Did I run OS/2 at home? Yeah, a little, and my knowledge of OS/2 and IBM communications manager got me my last and best job. But mostly I was a Windows guy, because I was a Delphi guy and Delphi and Windows were married. I was stuck.
My memories of Windows 95 are (mercifully) murky, although I know I did run it as the original OS on my third PC, a massive tower unit from Micron (see above and below,) but most of us quickly went from Win95 to Win98, and stayed much longer at 98 becuase by then it seemed that most of us finally had gotten the hang of the 32-bit 'multi-tasking' networked environment, and it seemed that Microsoft had as well. 'NT' (New Technology, remember?) was still to come, and for most of us '98 lasted well into the new century.
My main efforts at customizing and 'taking control' of the Windows environment involved writing my own programs to randomize the screen background and system sounds, learning how to use OLE to allow my various budget-tracking programs to talk to each other, and also in buying lots and lots of screen fonts. I mean, I was a printer, and I loved fonts. (Of course, I started my web publishing activities in the mid-90's, and putting my poems on-line in plain-vanilla HTML gradually eroded the amount of time I spent fiddling with cold type. The PC giveth and the PC taketh away.)
So although I still tried, I never felt that I 'owned' the Win9x environment as much as I did the DOS/WIN3x environments. It was too much Bill Gates and too much commercial software, and not enough me.
In which I discuss hardware...
Two of my earliest computer purchases were a Micron tower 80386-based machine which I eventually upgraded to an 80486 by means of an Intel Overdrive upgrade chip, and a Toshiba Portegé 650CT small, light laptop. (I continue to be a sucker for small, light laptops.) Remarkably, both of these machines, dating from early 1996 and early 1998 respectively, are running today.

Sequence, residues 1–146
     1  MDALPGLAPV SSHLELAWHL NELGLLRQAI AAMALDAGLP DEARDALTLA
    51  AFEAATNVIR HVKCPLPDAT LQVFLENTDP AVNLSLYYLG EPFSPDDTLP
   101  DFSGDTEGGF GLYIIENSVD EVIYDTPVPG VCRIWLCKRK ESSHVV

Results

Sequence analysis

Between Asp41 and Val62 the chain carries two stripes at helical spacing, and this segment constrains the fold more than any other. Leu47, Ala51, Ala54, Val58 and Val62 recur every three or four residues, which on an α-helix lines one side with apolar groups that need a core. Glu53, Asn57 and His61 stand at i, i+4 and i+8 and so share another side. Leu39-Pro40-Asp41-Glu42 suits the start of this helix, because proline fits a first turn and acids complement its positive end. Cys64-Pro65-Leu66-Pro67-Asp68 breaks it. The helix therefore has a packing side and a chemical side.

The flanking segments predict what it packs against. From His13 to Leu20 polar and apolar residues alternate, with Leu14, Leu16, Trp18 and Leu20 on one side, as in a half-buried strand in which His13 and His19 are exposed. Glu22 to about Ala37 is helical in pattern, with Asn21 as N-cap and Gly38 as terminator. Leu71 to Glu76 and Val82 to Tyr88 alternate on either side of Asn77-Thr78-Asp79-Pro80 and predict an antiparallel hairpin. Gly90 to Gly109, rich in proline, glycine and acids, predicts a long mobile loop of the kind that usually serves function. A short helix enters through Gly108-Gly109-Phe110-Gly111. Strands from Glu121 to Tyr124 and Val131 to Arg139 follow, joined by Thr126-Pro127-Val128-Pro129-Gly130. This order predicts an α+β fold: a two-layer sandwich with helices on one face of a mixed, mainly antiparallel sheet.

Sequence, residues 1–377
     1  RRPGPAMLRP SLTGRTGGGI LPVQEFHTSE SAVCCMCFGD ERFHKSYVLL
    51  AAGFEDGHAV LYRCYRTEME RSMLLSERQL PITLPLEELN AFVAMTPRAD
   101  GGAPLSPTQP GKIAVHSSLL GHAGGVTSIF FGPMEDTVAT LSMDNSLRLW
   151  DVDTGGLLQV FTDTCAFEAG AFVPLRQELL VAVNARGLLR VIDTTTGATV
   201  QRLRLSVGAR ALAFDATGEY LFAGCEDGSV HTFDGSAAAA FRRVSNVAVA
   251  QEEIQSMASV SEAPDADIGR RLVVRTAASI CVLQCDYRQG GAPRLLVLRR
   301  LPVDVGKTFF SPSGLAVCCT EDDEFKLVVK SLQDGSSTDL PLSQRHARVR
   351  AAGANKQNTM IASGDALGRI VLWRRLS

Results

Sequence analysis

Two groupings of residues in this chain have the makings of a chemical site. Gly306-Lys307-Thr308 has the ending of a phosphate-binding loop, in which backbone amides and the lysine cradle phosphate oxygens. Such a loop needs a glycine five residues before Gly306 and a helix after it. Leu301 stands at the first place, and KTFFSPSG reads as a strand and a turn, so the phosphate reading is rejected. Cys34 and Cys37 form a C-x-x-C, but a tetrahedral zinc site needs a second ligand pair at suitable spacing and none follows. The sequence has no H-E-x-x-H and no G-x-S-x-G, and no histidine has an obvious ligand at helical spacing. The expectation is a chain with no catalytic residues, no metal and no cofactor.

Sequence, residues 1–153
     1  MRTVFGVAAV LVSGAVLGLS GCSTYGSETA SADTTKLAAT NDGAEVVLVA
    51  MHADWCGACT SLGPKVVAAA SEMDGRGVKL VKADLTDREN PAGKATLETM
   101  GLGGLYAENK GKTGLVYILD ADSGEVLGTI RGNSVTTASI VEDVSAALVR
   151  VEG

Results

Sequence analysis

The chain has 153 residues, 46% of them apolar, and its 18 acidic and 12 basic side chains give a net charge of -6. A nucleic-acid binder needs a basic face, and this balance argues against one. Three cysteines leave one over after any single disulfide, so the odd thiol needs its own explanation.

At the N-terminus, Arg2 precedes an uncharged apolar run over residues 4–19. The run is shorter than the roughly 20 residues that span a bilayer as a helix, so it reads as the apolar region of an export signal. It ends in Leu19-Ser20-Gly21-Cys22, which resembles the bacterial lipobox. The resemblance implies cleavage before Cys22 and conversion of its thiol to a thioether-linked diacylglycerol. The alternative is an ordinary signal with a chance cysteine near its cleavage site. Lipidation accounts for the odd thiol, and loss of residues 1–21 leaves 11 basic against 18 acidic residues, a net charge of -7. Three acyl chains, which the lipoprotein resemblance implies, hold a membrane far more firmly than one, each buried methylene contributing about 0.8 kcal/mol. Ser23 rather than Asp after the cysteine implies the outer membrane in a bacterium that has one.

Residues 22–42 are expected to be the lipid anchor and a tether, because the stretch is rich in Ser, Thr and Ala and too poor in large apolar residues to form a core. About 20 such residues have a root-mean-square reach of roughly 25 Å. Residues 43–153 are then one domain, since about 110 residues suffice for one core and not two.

The Micron was my computing monster, with all the bells and whistles, and was destined to be my workhorse for work and play. Here's a cleaned-up OCR of the invoice:
SYS1*110141 Computer (MS4HI).MILLENNIA SERIES C PS/2 $4,596.00. CSE001058 Case FULL TOWER.MICRON BEZELPS2.300W CPU001043 Processor INTEL PENTIUM 166MHZ W/FAN MOD001072 DRAM 32MB.(2 SIMMS) EDO MEMORY.X32 MC0004 RAM Cache 256K SYNCBURST CACHE ON MOTHERBOARD HDD001023 Hard Disk WESTERN DIGITAL.1.6 GB.EIDE HARD DRIVE CCOOOO Controller Card PCI32BITMODE 4 EIDE CONTROLLER ON MOTHERBOARD FDD001002 Floppy FLOPPY DRIVE 3.5" 1.44MB CDR001036 CD ROM MICRON. CD ROM.6X.EIDE: VCD001084 Video Card DIAMOND. STEALTH 64 VIDEO CARD.PCL4MBVRAM KBR001018 Keyboard 104 KEY ENHANCED PS2 KEYBOARD MOU001004 Mouse MICROSOFT MOUSE PS/2 SF0001052 OEM Software MSOFFICE PRO 95 WI BOOKSHELF 95.CD VERSION SCM001062 Sound Card CREATIVE LABS. SOUND BLASTER.AWE32 SOUND CARD TBU0010221 TapeBackup IOMEGADITTO 800M OSS001024 System Software MS.WINDOWS 95 W/BOOT DISKCD VERSION CB 1024 Hard Drive Cable HDC.lDE HARD DRIVE CABLE18".3 CONNECTORS CAB001029 Hard Drive CablesCAB.lOMEG!\.PASS THROUGH TAPE BACKUP CABLE MAS001263 System Manuals MAS.MEIOFFICE 95 ACCESS/BOOKSHELF.FLYER DISCLAIMER MMP001002 Multimedia Options ACOUSTIC RESEARCH AV622.SPEAKERS MNN001024 Monitor 17".17FGX.26DP.1280X1024 (SV) SALE AMOUNT $4,596.00 Thank you for choosing MICRON for your computer needs. Please retain this copy for your records.
The Portegé, on the other hand, was a real indulgence: a second computer! What would I use it for? It had PCMCIA slots, so I learned about them. It ran Windows 98 so I learned that. It used a PCMCIA-based CDROM from Panasonic, and I learned that PCMCIA was a P.I.T.A. generally and for sure was not the way to run a CDROM. I believe I even ran OS/2 on it at one point, since to this day it still uses the OS/2 boot manager so switch between it's surviving operation systems. And I know that eventually I ran Linux on it in various flavors.